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New York GOP district leader Philip Grillo, self-proclaimed ‘Republican Messiah,’ arrested in Capitol riot case

Rioters clash with police trying to enter Capitol building through the front doors, January 6, 2021.

Lev Radin | Pacific Press | LightRocket | Getty Images

A New York City man who has a leadership role in the Queens County Republican Party was arrested Tuesday and charged with participation in the deadly Jan. 6 riot at the U.S. Capitol.

Philip Grillo, 46, was identified by two tipsters as one of the members of the mob that invaded the Capitol that day by a Knights of Columbus jacket he was wearing, among other things, according to a statement of facts signed by an FBI agent.

“I saw him twice in CNN in two separate incidents,” one witness told the FBI, noting that they knew Grillo from growing up with him in the Glen Oaks section of Queens

Grillo, whom the FBI confirmed was a member of a Queens Knights of Columbus council, is listed as being the GOP leader of the 24th Assembly District in Queens by that county’s Republican Party group.

In late 2020, he was blocked from being confirmed as a place-holder candidate in a special Feb. 2 election for a seat on the New York City Council.

Grillo’s effort to get on the ballot and swap in another man as the actual candidate in the races — a tactic that is legal — failed after a Democratic former council member who sought that seat challenged the petition signatures he submitted.

His Facebook page refers to himself as “The Republican Messiah,” a state GOP committeeman in “President Trumps Hometown District.”

“I’m truly upset,” Grillo’s mother told CNBC when asked for comment on his arrest.

Images included in Statement of Facts filed with the arrest warrant.


The FBI said in the statement of facts that a cell phone number registered to the name of Grillo’s mother, who is in her early 70s, was used in and around the Capitol building on the day of the riot. She has not been charged in the case.

Grillo, who is one of scores of people who have been arrested in connection with the riot, is expected to appear in U.S. District Court in Brooklyn later Tuesday.

The statement of facts says he was among thousands of rioters who swarmed in and around the Capitol on Jan. 6 after a rally by then-President Donald Trump, who asked his supporters to help him fight against the confirmation of Joe Biden as the winner of the presidential election. A joint session of Congress was meeting that day to certify Biden’s victory.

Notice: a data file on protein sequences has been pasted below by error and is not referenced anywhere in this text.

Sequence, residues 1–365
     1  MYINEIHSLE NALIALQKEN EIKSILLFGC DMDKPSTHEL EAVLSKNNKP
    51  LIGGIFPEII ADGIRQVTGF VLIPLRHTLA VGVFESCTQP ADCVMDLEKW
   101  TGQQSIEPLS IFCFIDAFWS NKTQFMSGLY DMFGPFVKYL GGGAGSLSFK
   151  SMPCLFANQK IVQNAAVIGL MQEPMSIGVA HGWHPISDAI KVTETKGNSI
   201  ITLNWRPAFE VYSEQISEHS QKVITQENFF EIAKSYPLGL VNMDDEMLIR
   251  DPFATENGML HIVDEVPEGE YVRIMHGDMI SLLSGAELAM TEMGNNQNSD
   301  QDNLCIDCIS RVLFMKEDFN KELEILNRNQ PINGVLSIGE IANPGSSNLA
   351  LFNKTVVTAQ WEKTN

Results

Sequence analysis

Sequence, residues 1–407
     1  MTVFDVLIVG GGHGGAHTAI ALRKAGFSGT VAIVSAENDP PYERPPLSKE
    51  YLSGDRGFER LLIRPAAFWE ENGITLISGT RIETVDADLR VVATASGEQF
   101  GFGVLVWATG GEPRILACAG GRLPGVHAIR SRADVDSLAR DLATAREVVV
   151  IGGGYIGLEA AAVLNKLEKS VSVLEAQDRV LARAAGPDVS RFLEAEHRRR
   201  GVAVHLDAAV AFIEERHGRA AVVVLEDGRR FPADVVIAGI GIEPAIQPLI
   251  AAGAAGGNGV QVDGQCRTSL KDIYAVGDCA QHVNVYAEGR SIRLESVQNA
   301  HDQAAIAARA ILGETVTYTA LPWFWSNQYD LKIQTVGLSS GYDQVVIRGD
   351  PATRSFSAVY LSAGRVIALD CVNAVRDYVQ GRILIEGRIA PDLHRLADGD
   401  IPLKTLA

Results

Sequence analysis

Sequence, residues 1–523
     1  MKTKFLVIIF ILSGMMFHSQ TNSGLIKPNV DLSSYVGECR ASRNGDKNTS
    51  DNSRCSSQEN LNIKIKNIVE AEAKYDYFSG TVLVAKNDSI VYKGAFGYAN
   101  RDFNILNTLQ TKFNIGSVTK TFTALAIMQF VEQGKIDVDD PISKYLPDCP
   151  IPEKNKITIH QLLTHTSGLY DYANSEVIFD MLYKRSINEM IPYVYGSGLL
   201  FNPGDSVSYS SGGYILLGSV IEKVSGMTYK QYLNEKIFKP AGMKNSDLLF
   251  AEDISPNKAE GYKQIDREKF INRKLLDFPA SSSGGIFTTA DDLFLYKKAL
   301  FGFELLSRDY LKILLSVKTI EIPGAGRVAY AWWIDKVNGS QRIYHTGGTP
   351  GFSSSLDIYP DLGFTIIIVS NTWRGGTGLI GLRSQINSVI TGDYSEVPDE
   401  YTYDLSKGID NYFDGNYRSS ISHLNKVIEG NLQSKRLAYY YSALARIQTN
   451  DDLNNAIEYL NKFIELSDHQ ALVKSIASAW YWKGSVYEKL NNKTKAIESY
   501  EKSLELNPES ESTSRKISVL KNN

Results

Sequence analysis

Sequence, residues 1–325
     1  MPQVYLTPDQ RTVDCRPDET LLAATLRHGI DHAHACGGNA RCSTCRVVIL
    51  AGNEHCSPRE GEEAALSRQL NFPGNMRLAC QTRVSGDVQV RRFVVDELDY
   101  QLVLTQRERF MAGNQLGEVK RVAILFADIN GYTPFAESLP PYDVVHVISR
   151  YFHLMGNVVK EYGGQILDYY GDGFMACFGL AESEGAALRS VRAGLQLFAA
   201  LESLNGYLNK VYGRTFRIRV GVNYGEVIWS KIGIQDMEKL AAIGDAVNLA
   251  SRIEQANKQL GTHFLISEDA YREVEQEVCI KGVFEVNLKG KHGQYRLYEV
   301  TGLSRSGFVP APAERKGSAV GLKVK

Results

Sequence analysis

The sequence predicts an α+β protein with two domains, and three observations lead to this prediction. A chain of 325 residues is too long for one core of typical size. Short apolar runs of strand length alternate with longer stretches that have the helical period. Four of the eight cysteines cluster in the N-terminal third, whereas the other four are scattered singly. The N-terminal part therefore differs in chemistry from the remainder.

The statement of facts says that video footage from inside the Capitol shows Grillo climbing through a broken window at about 2:30 p.m that day, and then is seen holding a megaphone.

Other surveillance video shows Grillo in the Rotunda, and among rioters trying to enter a room that contained doors leading outside, “where more protestors were gathered.”

Those doors were ultimately opened by other members of the crowds, who pushed against Capitol Police officers who tried to keep the doors closed, the document says.

In YouTube footage taken just outside the Capitol, Grillo was seen among a crowd that was shouting “Fight for Trump”

“This crowd was engaged in a physical confrontation with uniformed officers at the entryway,” the document said. “Grillo was near the front of the crowd. The crowd, including Grillo, was eventually driven back from the door when officers employed a chemical irritant.”

The document notes that on Nov. 11, Grillo posted a brief video from the Facebook page of “Donald J. Trump” on his own page.

“Trump’s post was captioned with “WE WILL WIN!” and a brief video saying to believe in the impossible,” the document says.

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